(Below is an explanation provided to a government researcher on how to count the number of “TPAs”.)
The answer was written by SPBA Past President Fred Hunt in July 2011. (Edited Fall of 2020)
For a couple of decades, government & private researchers’ offices & mine have tried to "document" or understand what constitutes the "TPA" industry. For example, why does SPBA say it has a comprehensive list of 185 TPAs, and yet there are other lists of a couple thousand "TPAs" floating around. The answer is in the definition of the vocabulary term "TPA". There is no standard definition and many different uses.
We polled our members and our Stop-Loss Service Partners and asked what percent of TPAs they see in the market are SPBA members. (It is assumed that most “real” TPAs would be accessing the Stop-Loss market for their clients or known by the Stop-Loss providers.) The answer is that SPBA's 185 TPAs are some of the Comprehensive Service TPAs. (There is occasionally a vocabulary glitch, because some subsidiary TPAs operate in their old name, but are part of an SPBA parent firm, and some Stop-Loss count TPAs who are related to an insurer differently.) So SPBA’s 185 member TPAs can be considered a large percentage of the firms that perform a comprehensive array of TPA services as envisioned by ERISA and most federal laws.
Who makes up the others who use the nebulous term "TPA"??
("Comprehensive Service" is a Fred Huntism, not a legal term. The same is true of the other category names described below.)
>>Specialty TPAs - which do admin services for one or a few services, such as dental/vision, wellness, 401k, etc.
>>Minimalist TPAs - There are probably a couple thousand entities that may do TPA work to some degree, but it is a tiny by product of their real function. Examples: Law or accounting or insurance agent or consulting firms that handle some degree of plan administration as part of their overall other service to their law, accounting etc. clients. OR... some software or data-processing firms may do some small number or just a part of "administration" as part of their overall other business. Also a great many insurance companies also provide TPA duties. Most are represented in SPBA in the name of their separately named TPA subsidiary. Some use the term ASO (Administrative Services Only) in the insurer name and may or may not be represented in the overall count of TPAs.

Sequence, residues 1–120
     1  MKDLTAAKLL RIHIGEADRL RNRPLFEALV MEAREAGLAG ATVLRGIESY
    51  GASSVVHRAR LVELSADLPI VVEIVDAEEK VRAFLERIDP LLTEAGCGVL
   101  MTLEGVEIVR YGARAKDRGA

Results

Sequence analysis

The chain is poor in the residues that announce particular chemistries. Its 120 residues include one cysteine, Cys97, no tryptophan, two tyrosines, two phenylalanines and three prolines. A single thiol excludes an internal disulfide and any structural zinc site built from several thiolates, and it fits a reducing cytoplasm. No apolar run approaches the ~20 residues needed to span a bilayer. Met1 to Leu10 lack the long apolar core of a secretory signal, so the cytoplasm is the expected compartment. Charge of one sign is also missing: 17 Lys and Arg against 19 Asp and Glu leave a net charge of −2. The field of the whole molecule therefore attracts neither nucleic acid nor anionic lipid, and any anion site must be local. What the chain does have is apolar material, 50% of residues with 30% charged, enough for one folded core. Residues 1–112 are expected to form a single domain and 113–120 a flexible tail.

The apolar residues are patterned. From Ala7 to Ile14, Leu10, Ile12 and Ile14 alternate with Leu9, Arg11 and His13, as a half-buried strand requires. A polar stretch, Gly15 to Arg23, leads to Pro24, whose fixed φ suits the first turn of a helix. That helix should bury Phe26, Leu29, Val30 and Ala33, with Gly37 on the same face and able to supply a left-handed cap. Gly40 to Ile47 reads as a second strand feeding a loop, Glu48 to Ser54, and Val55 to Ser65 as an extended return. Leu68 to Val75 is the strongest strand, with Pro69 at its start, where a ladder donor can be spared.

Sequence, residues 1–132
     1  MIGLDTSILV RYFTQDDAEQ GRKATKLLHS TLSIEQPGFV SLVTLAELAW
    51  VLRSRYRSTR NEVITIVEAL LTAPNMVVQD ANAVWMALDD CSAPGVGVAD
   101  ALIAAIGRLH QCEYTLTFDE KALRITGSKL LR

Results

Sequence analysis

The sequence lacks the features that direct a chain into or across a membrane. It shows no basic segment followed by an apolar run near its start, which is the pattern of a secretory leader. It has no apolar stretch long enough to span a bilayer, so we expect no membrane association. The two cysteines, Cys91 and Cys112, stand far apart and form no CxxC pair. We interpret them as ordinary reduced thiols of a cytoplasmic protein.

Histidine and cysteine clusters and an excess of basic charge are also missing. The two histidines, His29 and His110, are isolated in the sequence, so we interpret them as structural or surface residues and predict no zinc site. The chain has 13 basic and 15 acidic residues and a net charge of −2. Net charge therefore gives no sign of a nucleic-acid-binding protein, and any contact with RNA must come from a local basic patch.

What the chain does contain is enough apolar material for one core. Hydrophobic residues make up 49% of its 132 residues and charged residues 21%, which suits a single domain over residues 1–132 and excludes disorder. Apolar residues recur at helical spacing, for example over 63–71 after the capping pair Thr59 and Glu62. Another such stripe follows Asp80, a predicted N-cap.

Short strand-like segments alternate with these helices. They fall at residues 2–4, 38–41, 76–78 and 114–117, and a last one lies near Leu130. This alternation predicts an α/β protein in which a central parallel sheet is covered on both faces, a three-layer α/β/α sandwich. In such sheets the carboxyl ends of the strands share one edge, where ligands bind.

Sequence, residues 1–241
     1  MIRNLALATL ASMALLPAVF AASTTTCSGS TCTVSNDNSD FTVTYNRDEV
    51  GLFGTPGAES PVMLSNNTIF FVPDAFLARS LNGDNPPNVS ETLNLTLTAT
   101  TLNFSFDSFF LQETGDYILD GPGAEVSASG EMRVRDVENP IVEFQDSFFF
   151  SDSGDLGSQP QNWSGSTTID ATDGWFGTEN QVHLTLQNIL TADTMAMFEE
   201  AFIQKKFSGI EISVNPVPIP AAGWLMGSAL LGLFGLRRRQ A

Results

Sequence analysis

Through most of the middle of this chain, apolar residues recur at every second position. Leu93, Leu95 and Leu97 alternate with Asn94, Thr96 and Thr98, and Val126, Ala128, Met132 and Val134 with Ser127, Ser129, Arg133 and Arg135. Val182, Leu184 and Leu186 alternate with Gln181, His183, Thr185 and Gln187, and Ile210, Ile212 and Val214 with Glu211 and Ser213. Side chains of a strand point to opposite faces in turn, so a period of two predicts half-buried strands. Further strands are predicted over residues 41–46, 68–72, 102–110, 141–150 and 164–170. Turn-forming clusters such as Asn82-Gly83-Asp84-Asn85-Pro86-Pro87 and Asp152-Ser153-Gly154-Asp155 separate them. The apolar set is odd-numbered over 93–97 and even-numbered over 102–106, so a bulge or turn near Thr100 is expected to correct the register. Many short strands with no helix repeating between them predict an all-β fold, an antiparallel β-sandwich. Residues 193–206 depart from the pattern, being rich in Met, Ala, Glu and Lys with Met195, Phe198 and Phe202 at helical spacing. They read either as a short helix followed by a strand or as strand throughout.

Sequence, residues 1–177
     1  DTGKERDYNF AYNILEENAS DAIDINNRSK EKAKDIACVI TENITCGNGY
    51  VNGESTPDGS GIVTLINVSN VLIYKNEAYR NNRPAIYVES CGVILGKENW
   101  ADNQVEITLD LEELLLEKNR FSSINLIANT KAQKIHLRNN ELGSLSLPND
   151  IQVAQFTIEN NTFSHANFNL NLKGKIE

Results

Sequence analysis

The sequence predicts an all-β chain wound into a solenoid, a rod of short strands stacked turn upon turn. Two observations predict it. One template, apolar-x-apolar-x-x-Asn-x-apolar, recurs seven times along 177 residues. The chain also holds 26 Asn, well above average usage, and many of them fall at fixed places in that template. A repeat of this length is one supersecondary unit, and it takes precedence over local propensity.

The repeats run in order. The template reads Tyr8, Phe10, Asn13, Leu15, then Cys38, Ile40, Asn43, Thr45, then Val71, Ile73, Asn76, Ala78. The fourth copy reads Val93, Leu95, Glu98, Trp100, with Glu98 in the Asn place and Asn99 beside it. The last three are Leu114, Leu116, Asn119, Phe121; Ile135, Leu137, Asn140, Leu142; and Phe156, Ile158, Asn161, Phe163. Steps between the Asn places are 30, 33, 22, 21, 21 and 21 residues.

>>TPAs-of-convenience - Probably 1,000 who come and go that like the term "TPA" in their company resume. They usually are simply pushing some product or specialty....or some new idea not envisioned as employee health benefits.
<<There are also “TPAs” in the Property & Casualty Insurance field and the Workers Compensation arena. However those types of “TPA” duties & applicable laws are so different that they should be considered totally separately.
One further statistics complication: Last but not least, about 60% of states have TPA licensing laws, but that gives a VERY distorted count, because each state’s definition of what is a TPA which must be licensed is different. So, in some states, many firms I would absolutely consider TPAs are exempt from being licenses (and counted as) a TPA because of the type of clients they handle. On the other hand, other states include insurance agents or whatever and thus the TPA licensing laws there becomes a misleading "catch-all" number.